We treat all forms of brain injury and illness. For example we have treated patients that have suffered massive closed head trauma from auto accidents, cerebral palsy children, and drowning victims. Many of these patients were in a vegetative state.

Will my Medical Insurance cover Hyperbaric Oxygen Therapy?

If your HBOT treatments are for stroke, it is unlikely. However, you should ask your carrier. Our clinics are pleased to supply you with research materials that will justify HBOT in treating stroke. You can pass these on to your physician or insurance company.

How much does Hyperbaric Therapy cost?

We provide HBOT in a professional environment at affordable prices. Our clinics are not located in the high cost environment of hospitals so our price per treatment are usually one third of hospital HBOT charges. Also, if your qualify, certain discount programs are available. Contact our Program Director to discuss these.

Patient Testimonials

These stories illustrate the complexity and time required for rehabilitation.

Seemingly "hopeless cases" are not always without hope.


April 3, 2004, this man was pronounced brain dead. Find out what became of him.

[Read more ...]


Catastrophic stroke – ataxic (unable to maintain balance) and aphasic (slurred and impaired speech. Nick hovered in a coma for five weeks in San Diego Children's Hospital.

[Read more ...]


Can HBOT help in the rehabilitation of traumatic head injury? YES

[Read more ...]

Points to Consider

A great deal of evidence exists to indicate that often a stroke victim, or other comatose patient, may be fully aware of bedside conversations. Numerous non-responsive patients, even some that were declared brain dead, have recovered in time and revealed that they were aware of those around them but unable to move or communicate. Sometimes they slept and other times they were awake inside the horrible prison their body had become.

The patient should be talked to with a positive attitude and assured that their caretakers knew they were aware but temporarily locked inside their bodies and unable to communicate. Gloomy talk should be avoided at all times. A positive “you can do it” attitude should be communicated to the patient at all times.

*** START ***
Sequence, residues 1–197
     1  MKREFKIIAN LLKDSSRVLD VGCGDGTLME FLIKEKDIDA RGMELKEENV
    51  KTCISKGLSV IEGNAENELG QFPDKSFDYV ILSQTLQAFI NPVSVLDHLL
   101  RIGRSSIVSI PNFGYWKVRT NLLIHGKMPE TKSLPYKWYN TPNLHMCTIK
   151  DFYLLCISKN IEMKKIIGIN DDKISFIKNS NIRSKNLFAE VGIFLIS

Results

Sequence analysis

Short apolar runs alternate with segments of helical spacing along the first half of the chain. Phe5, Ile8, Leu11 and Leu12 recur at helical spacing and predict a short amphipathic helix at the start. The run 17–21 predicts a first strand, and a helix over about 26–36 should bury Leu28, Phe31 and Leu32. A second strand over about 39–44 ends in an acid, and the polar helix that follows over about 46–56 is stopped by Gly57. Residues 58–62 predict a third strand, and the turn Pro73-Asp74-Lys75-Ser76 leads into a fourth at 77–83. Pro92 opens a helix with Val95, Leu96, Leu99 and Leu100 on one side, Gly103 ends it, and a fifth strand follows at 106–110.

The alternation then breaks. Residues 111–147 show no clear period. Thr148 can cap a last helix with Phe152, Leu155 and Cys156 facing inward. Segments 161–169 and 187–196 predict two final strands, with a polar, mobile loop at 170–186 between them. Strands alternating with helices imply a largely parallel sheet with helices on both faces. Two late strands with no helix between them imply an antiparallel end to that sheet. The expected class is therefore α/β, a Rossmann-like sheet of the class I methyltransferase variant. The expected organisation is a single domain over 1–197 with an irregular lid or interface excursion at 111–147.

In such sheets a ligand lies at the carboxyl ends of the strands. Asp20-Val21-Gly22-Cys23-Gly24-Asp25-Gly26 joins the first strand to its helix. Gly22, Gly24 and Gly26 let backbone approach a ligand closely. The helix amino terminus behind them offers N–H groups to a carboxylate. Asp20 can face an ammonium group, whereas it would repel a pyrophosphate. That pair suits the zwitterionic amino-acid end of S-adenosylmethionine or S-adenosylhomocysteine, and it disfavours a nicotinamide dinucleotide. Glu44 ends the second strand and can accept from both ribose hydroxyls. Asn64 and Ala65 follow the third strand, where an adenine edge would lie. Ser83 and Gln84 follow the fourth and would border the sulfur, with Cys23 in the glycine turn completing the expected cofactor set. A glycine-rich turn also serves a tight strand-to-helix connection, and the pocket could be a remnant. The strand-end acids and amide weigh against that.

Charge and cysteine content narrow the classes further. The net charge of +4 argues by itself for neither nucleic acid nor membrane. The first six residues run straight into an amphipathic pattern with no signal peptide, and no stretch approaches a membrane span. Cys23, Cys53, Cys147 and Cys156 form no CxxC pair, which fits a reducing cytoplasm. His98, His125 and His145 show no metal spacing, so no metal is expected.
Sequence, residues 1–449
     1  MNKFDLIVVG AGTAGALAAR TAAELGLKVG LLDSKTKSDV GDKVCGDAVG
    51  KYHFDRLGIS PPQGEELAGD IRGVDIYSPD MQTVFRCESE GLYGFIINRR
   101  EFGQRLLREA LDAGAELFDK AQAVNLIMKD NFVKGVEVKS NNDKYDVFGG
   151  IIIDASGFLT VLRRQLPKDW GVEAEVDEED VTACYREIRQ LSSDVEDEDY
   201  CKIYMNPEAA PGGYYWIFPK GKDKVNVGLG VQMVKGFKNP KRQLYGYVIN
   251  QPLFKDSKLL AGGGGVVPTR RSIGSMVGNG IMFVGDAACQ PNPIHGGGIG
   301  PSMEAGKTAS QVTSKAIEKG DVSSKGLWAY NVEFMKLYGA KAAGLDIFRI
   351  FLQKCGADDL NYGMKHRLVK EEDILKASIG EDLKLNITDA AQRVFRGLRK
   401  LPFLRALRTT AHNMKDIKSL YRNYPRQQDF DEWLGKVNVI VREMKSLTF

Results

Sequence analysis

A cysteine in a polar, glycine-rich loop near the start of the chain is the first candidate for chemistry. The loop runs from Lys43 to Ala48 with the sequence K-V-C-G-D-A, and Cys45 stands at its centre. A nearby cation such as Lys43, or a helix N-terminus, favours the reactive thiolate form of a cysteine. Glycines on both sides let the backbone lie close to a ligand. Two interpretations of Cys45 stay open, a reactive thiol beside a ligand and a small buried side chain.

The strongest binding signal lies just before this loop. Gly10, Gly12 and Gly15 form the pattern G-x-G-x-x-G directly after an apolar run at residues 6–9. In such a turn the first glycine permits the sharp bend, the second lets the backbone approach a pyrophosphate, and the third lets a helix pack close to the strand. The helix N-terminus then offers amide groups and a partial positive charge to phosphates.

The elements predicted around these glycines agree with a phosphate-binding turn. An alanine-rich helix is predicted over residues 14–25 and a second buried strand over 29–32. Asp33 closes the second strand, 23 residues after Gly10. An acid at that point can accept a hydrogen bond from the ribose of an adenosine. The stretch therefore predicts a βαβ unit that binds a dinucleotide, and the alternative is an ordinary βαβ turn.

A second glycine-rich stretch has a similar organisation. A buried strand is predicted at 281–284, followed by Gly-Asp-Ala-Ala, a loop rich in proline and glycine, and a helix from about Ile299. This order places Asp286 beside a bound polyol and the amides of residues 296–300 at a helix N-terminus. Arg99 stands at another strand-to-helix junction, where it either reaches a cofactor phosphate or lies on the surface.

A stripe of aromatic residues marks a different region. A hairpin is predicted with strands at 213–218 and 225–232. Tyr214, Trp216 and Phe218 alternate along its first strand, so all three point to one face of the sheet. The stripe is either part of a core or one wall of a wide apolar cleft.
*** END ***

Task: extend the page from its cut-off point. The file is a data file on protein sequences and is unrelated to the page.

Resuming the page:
Caretakers should not expect a “magic wand” or have an “instant cure” mind-set when starting HBOT treatments with a patient. Healing does take time. We try to closely document a patient’s progress with video and records as the treatment progresses.


HBOT should be part of an interdisciplinary approach in rehabilitating any victim of a cerebral insult. HBOT should be considered a highly valuable adjunct to conventional medicine and rehabilitation therapies, making them more efficient and helping to reduce considerably the normal rehabilitation and convalescent periods.

Sequential daily HBOT treatments are recommended as the best protocol, especially over the first few weeks. This is often impossible, however, due to geographical, logistical or financial constraints. As an alternative, continued intermittent treatments over a long period of time can also bring success.

The sooner HBOT is begun after an accident or illness occurs, the greater the likelihood of a positive outcome for the patient. This does not mean that the treatment will be ineffective if not started right away.

Many patients that began HBOT long after the causal event have experienced a great turn-around in their conditions.